KUCHING: While political leaders squabble over repairs to Sarawak schools, daily life at Ulu Bawan national primary school boils down to a struggle between floods and termites and a lack of facilities.
From a distance, the school building looks clean and beautiful. But it will not be long now before the school is flooded again during the rainy season, damaging the facilities and most of its plants.
SK Ulu Bawan is located about 50km from Kanowit town, an hour’s journey, and is one of the more critically dilapidated and flood-prone schools in Sarawak.
It has an enrolment of 139 pupils formed into one class per standard, and 16 teachers and 7 non-teaching staff.
A parent who wished to remain anonymous told FMT that the school had been flooded more than 10 times this year. “Every year, the school will be flooded during the rainy season. It has been going on since the late 1990s when the roads were constructed and villagers nearby no longer depended on river transport.”
The last flood was in July. “The river nearby is blocked by branches and the water cannot flow properly and overflows the banks,” the parent said.
The classrooms are not affected but the school’s foyer, football field, computer lab, sepak takraw court and multipurpose hall would be submerged – in as much as three to four feet of water (1m-1.4m) and the football field is no longer a field. It would turn into a lake,” he said.
“Gotong-royong” clean-ups are held to clear the school compound of mud, but many school facilities are left damaged.
Termites are another problem, having eaten their way into the two wooden school buildings which were built in the 1970s. The school’s dining hall ceiling would have collapsed had there been no pillars to support it, the parent said.
School officials used part of a RM20,000 donation from the assemblyman for Ngemah to build the supporting pillars at the dining hall, repair worn-out hostel beds and the foyer. The donation was made to buy 57 mattresses for the pupils who live at the boarding school. The pupils had to bring their own pillows and blankets from home.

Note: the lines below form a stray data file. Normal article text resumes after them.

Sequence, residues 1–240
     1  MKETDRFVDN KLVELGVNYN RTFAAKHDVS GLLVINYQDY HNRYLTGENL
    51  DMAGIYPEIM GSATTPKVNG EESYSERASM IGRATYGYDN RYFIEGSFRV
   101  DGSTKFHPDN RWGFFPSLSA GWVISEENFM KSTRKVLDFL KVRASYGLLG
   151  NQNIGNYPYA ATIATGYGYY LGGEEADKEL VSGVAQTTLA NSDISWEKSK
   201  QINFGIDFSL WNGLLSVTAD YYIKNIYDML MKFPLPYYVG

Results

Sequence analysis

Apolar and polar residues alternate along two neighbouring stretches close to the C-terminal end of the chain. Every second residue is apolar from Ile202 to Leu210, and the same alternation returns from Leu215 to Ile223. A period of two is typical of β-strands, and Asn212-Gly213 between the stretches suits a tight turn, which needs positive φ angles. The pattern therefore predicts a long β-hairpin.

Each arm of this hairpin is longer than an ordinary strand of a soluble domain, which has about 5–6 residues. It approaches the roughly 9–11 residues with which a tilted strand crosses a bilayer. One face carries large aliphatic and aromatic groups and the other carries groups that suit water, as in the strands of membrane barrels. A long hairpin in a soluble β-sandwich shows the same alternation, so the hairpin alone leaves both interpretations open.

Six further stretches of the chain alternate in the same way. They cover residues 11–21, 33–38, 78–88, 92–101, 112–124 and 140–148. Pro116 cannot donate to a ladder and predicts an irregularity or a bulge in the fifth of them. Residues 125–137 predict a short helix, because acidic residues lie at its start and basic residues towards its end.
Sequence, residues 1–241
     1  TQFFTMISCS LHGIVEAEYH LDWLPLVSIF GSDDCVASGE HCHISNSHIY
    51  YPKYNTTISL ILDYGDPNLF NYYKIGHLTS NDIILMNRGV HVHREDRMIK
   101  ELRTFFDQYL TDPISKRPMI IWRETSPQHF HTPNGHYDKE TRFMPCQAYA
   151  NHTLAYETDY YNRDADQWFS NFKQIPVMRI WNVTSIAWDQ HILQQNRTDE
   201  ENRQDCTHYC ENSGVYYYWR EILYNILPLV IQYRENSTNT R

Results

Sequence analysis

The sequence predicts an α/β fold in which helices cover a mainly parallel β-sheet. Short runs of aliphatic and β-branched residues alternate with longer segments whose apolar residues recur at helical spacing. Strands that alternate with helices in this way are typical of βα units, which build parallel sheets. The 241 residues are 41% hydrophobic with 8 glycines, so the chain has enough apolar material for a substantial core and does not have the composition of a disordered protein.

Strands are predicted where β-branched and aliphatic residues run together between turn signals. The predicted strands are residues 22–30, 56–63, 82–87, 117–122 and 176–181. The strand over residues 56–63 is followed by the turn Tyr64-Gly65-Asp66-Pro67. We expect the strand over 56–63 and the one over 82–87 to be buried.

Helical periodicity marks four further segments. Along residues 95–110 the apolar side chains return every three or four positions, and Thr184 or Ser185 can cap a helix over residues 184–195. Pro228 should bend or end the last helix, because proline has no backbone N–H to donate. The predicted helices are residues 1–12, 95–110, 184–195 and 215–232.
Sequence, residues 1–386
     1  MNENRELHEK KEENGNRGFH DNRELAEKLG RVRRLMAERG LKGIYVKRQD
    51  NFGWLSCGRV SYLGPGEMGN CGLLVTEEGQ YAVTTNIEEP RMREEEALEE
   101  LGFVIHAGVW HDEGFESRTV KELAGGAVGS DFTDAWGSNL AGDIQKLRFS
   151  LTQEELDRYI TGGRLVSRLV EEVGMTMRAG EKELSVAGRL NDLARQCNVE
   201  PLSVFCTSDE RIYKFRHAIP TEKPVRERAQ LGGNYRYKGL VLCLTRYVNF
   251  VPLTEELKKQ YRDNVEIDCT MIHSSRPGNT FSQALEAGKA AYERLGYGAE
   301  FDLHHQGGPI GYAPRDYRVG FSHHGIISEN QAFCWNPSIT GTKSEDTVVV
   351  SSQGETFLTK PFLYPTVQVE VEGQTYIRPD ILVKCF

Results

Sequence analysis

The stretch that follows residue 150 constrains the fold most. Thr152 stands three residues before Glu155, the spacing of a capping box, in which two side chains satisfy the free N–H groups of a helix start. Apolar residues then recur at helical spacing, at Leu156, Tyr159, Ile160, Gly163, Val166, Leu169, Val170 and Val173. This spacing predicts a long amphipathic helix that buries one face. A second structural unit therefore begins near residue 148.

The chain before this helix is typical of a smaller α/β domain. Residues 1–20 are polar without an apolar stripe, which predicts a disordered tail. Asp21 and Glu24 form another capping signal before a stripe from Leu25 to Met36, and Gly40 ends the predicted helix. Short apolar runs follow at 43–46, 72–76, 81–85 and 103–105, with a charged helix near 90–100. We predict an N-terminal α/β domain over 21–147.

SK Ulu Bawan also lacks facilities such as computers and internet connection. There is a computer lab but no computer. There is no staff room or canteen. An unused classroom was turned into the teachers’ staff room.
There is only one male and female toilet for pupils, but the toilets are currently out of order, he said. “There are three female outhouses and two male outhouses at the hostel. The female ones are still in good condition but the male ones are in bad shape.”
Teachers’ quarters were also in poor condition with holes on the walls and rotten floors.
It is understood that a tender was issued in June to build two blocks of classrooms.
There are 1,454 schools in Sarawak, of which 1,020 are dilapidated and 415 in critical condition. Money for the repairs have been held up in a tussle between the federal and state governments.
Education Minister Maszlee Malik has pledged to resolve the issue over the next two years and state minister for education, Michael Manyin, has said that repair works might start soon on at least five critically dilapidated schools.
The repairs had been held up by the federal government demanding a loan repayment of RM1 billion. Chief Minister Abang Johari Openg has said he had agreed to pay RM350 million as part of the settlement, so that money would be released for the repairs. “But when I asked Finance Minister Lim Guan Eng to release the funds, he said it was necessary to set up a committee first,” the chief minister was quoted as saying.